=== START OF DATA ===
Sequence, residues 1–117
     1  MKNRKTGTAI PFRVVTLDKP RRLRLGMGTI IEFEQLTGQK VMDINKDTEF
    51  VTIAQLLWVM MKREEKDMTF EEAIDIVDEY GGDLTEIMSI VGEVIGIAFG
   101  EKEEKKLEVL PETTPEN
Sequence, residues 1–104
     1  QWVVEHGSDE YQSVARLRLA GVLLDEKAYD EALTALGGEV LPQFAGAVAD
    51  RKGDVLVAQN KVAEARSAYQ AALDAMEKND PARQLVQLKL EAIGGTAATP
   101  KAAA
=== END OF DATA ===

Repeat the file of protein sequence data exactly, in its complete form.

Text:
Sequence, residues 1–117
     1  MKNRKTGTAI PFRVVTLDKP RRLRLGMGTI IEFEQLTGQK VMDINKDTEF
    51  VTIAQLLWVM MKREEKDMTF EEAIDIVDEY GGDLTEIMSI VGEVIGIAFG
   101  EKEEKKLEVL PETTPEN
Sequence, residues 1–104
     1  QWVVEHGSDE YQSVARLRLA GVLLDEKAYD EALTALGGEV LPQFAGAVAD
    51  RKGDVLVAQN KVAEARSAYQ AALDAMEKND PARQLVQLKL EAIGGTAATP
   101  KAAA